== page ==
Judgement Pronouncement: Validity of an Unstamped Arbitration Agreement

The Supreme Court in a 3:2 split held that an unstamped arbitration agreement cannot be enforced until the stamp duty has been paid.

A 5-Judge Constitution Bench led by Justice K.M. Joseph delivered a Judgement that could have wide-ranging implications for the future of arbitration proceedings in India. The majority held that an unstamped arbitration agreement is not enforceable until the stamp duty and penalties have been paid. 

Three Judges were in the majority. Justice A. Bose co-signed Justice Josephs’s decision and Justice C.T. Ravikumar wrote a concurring opinion. Justices A. Rastogi and H. Roy authored separate dissenting opinions and emphasised that the Court should limit its involvement in arbitration disputes. 


Under the Arbitration and Conciliation Act, 1996 (‘Arbitration Act’), if parties cannot agree on an arbitrator they may approach High Courts or the Supreme Court to appoint one for them. At this stage, the Court can only confirm the ‘existence’ of an arbitration agreement and cannot get involved in the case any further. This restriction was imposed through the 2015 Amendment to the Arbitration Act so that arbitration disputes could be speedily disposed of.

However, the Supreme Court has gone back and forth on what constitutes a valid arbitration agreement to prove its ‘existence’. Specifically, if the parties haven’t paid stamp duty on the contents of the agreement, is it still valid? 

In 2011 a Supreme Court Division Bench decided the case of SMS Tea Estate Pvt. Ltd. v Chandmari Tea Company Pvt. Ltd. The Bench held that an unstamped arbitration agreement cannot be enforced. This position was restated in Garware Wall Ropes Ltd. v Coastal Marina Constructions and Engineering. Ltd (2019), where the SC held that contracts (including agreements) are only enforceable if they are duly stamped.

Following a dispute over the invocation of a bank guarantee in a contract for coal transportation between Indo Unique Flame Ltd. and N.N. Global Mercantile Pvt. Ltd., the latter approached the Supreme Court and claimed the agreement was unstamped and unenforceable. In January 2021, a 3-Judge Bench disagreed with the decisions in SMS Tea Estates and Garware. However, despite overruling the two decisions the Bench also referred the case to a 5-Judge Constitution Bench to settle the debate once and for all.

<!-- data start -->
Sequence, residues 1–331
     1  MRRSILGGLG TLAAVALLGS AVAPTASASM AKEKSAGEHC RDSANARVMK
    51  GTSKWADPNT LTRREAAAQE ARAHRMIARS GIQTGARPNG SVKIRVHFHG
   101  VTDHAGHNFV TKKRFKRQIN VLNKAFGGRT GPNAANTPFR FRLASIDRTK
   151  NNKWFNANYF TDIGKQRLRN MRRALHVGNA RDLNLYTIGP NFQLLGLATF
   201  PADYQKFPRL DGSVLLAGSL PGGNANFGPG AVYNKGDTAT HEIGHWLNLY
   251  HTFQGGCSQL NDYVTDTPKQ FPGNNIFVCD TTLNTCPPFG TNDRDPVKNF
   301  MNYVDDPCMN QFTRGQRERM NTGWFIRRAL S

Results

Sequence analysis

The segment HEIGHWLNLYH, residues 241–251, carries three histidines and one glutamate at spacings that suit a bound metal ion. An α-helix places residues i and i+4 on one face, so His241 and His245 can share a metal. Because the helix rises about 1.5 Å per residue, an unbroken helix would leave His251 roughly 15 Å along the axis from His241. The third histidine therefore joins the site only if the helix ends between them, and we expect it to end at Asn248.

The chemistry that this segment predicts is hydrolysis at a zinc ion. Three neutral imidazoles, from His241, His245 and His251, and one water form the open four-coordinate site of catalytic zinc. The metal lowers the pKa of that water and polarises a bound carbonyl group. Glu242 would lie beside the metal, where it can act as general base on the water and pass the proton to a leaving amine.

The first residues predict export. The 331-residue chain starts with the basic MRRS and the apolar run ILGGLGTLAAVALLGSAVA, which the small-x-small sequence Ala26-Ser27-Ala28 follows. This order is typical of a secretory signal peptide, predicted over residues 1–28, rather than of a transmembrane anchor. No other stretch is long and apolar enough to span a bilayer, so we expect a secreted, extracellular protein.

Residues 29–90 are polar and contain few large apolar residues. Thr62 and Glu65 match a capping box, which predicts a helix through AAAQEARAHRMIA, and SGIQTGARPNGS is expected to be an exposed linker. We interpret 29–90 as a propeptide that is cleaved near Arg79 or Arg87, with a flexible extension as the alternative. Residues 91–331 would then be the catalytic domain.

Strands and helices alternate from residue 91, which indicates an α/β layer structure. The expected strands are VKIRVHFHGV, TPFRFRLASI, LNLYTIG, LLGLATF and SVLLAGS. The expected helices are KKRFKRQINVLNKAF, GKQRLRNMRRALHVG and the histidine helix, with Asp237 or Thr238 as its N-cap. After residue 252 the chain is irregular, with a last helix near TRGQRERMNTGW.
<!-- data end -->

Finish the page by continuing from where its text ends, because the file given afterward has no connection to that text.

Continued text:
Majority Opinion: Paying Stamp Duty Necessary for Valid Arbitration Agreement

Justice Joseph in his Judgement held that an unstamped agreement would not be enforceable and would be void as per Section 2(g) of the Indian Contract Act, 1872. This is in line with the SC’s reasoning in Garware. Further, as per the Arbitration Act, the SC must be provided with a ‘certified copy’ of the arbitration agreement which must indicate the stamp duty that was paid. Without this, the SC cannot entertain an application to refer the parties to arbitration.

He then highlighted the obligation of the Court under Section 33 of the Indian Stamp Act, 1899 (the Act) to ‘impound’ or take legal possession of any unstamped agreement until the stamp duty is paid. The agreement will then be inadmissible as evidence and cannot be acted upon as per Section 35 of the Act. The SC can only consider the agreement after the stamp duty and the necessary penalties for non-payment have been paid as per Section 42 of the Act. 

Justice Ravikumar concurred with Justice Joseph and wished to add to the holding. Under Section 11(6)(A) of the Arbitration Act the SC must ascertain the ‘existence’ of an arbitration agreement. In order to do so, the arbitration agreement must be admissible as evidence which requires the payment of stamp duty. 

Dissenting Opinion: Requiring Stamp Duty at Appointment Stage Defeats Purpose of Arbitration Act

Justice Rastogi was the first Judge to give their dissenting opinion. He emphasised that the Courts must be cautious when they are examining an arbitration agreement so that they don’t open the door to judicial intervention. This would be opposed to the purpose of the Arbitration Act, which is to ensure effective and efficient arbitration proceedings. Further, issues regarding stamp duty fall under the purview of the arbitrator as well. They can deal with these issues instead of allowing judicial intervention. 

Justice Roy dissented as well and agreed with Justice Rastogi on the purpose of the Arbitration Act and how requiring stamp duty to be paid at the appointment stage would frustrate this purpose. In order to avoid stalling the proceedings, he said the decision should be deferred to the arbitrator. Finally, Justice Roy made a plea to the Legislature to amend the stamp act to address any inconsistencies between the Stamp Act and the Arbitration Act.